Wednesday, October 17
- Nvidia's RTX 2070 is out and reviewers are taking it for a spin. (AnandTech)
The 2080 and 2080 Ti are good cards but overpriced for what they can deliver today, trading on promises of a brighter future to justify their price tags.
Has Nvidia turned the tables with the 2070?
No. (Tom's Hardware)
- Crucial announced their first NVMe SSD. (AnandTech)
[Crucial are the consumer division of Micron. Micron have had NVMe SSDs for some time, just not aimed at consumers.]
It's a QLC device like Intel's 660p, so it's fine for desktops (probably; QLC is pretty new) but something to avoid for workstations and servers.
It has an SLC cache which can grow up to 10% of the drive size - which means it would use 40% of the available capacity (since this works by using 4-bit cells to store 1 bit). That should provide solid and consistent performance as long as you don't fill the drive beyond about 70%.
- Qualcomm announced 802.11ay chipsets. (Tom's Hardware)
Just when we'd got things nicely sorted out into Wi-Fi 1 through 6, 802.11ay breaks everything. The problem is that it gets better performance by jumping from the 5GHz band (which can go through or around minor barriers) to the 60GHz band (which is effectively line-of-sight). I guess they can say Wi-Fi 7 is a device supporting both 802.11ax and 802.11ay.
- MongoDB have changed their license agreement. (TechCrunch)
What does the new license say? Who the fuck knows. It's dozens of paragraphs of impenetrable crap. It is the license of a company that wants to pretend to being open source without allowing users any freedom at all.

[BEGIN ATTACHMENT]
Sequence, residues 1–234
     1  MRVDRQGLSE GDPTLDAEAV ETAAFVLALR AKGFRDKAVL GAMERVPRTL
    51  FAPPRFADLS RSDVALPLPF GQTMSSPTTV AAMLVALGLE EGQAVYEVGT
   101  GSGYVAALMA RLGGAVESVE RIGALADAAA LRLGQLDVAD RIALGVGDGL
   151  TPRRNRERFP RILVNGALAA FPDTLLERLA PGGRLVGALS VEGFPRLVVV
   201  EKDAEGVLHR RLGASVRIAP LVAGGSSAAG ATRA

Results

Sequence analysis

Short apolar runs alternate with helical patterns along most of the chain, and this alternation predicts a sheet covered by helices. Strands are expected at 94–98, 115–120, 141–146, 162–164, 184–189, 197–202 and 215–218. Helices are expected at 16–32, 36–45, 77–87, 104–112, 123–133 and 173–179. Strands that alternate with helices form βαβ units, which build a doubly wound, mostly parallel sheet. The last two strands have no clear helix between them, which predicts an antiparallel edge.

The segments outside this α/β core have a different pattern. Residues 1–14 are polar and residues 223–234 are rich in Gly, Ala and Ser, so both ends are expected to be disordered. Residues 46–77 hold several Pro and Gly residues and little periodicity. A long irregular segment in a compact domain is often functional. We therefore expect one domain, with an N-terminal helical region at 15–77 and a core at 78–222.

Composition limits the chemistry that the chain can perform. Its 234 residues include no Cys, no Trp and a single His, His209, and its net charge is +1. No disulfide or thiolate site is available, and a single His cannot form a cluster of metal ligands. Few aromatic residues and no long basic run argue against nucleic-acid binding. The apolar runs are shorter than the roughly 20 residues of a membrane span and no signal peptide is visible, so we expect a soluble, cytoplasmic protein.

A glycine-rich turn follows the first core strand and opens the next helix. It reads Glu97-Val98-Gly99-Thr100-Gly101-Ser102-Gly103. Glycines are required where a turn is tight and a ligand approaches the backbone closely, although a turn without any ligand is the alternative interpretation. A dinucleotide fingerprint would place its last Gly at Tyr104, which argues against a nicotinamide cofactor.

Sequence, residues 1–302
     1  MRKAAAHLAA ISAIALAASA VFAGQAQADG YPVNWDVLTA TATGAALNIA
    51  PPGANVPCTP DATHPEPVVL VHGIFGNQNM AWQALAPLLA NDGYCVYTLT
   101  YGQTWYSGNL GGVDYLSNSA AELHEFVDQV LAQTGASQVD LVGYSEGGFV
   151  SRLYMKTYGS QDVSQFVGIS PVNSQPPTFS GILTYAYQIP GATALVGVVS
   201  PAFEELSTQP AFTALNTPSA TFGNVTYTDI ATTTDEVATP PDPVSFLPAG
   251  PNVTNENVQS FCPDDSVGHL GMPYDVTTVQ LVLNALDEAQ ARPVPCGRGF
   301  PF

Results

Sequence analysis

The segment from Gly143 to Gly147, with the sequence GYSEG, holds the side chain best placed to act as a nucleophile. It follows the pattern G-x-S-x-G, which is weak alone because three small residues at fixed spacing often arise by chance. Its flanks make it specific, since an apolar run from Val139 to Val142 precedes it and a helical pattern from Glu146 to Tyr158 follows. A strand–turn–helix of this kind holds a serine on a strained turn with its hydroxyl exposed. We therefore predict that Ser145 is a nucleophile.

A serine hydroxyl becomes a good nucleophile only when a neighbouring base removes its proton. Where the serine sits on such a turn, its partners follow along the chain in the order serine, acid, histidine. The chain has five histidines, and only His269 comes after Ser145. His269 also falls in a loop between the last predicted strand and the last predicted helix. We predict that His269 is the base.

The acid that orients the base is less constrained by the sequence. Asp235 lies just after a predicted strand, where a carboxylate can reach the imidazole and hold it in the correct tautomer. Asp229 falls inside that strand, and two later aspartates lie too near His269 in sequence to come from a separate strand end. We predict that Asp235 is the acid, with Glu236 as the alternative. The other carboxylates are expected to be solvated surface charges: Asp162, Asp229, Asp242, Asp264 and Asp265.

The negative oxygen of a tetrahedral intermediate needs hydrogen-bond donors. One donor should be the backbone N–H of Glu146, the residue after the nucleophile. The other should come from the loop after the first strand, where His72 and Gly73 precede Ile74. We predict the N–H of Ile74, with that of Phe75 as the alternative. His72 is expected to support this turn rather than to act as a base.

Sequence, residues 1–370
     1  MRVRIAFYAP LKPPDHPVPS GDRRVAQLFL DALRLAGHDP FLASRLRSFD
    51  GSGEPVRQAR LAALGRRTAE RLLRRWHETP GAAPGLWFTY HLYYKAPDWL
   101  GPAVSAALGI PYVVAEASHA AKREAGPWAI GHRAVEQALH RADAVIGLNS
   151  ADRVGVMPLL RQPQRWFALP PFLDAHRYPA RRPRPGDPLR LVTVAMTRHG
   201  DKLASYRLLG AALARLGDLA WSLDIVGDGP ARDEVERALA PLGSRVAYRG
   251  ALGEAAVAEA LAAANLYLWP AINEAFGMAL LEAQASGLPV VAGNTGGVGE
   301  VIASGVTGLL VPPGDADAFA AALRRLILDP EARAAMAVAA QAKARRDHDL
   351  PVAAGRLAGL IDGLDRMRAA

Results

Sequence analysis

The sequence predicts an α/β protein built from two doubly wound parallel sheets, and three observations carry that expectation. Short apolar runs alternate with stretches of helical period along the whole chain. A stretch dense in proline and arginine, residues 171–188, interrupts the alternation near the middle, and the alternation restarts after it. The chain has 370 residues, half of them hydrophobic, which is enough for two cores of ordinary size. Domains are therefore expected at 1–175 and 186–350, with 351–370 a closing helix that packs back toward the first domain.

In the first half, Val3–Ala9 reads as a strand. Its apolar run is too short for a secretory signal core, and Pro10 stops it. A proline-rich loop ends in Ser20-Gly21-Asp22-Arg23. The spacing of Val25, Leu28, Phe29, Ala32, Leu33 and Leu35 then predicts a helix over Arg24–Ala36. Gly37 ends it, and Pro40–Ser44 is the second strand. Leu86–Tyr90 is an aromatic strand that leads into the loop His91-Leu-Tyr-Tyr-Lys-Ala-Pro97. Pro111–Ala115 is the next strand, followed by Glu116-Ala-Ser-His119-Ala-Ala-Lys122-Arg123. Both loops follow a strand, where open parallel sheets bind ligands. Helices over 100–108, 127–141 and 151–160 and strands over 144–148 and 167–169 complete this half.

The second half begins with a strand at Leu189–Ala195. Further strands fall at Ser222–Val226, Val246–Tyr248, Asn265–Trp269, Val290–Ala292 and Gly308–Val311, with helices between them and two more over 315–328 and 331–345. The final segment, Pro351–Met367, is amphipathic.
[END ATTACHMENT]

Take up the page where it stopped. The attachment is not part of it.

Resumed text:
People are taking this calmly. (Hacker News)
Vice President of the Open Source Initiative here.
MongoDB submitted this new license for approval by OSI at the same time that they announced that they'd relicensed all of their code. We wish they'd started the process prior to the announcement, but what's done is done. The result, however, is that at this moment, MongoDB is under a non-approved license and therefore IS NOT OPEN SOURCE.
Social Media News
- Facebook is the proverbial tapdancing elephant. (TechDirt)
It's an impressive achievement when viewed from a distance, just don't get underfoot or you will get squished and they won't even notice.
- Twitter was upset that it wasn't getting any senseless banning action and jumped in with all four feet. (Axios)
Video of the Day
None of OSI's Open Source licenses (including AGPL) protect creators financial interest in the cloud first world. Period.
I want to issue "View and Internal Use License" for my work. Anyone can view the source code, modify, and use the software for their own benefit as they see fit. Under no circumstances can anyone sell/re-distribute/host the paid version of software or any derivative thereof. Why can't OSI create such a license?
This commenter doesn't quite understand the idea of "open source". He wants to have a get other people to pay him to use his code, but also claim to be open source (kind of like early Sun and Microsoft attempts to be open source).
Posted by: Kayle at Thursday, October 18 2018 09:49 AM (TtvMc)
Posted by: Rick C at Thursday, October 18 2018 11:55 AM (Iwkd4)
I'm not opposed in principle to a license that says "source is freely available, free to use by private individuals and non-profits, for-profit enterprises pay here". The major problem with the new MongoDB license is that it's very long and vague. And also that they changed it without notice.
Posted by: Pixy Misa at Thursday, October 18 2018 01:38 PM (PiXy!)
Posted by: Mauser at Thursday, October 18 2018 02:25 PM (Ix1l6)
It's kind of like certified "Organic" food in the US. All food is organic by definition, but only stuff that meets government regulation is Organic (which, recall, means thinks like "it uses cow crap instead of chemical fertilizers so I hope you washed it really well".)
Posted by: Rick C at Friday, October 19 2018 02:19 AM (Q/JG2)
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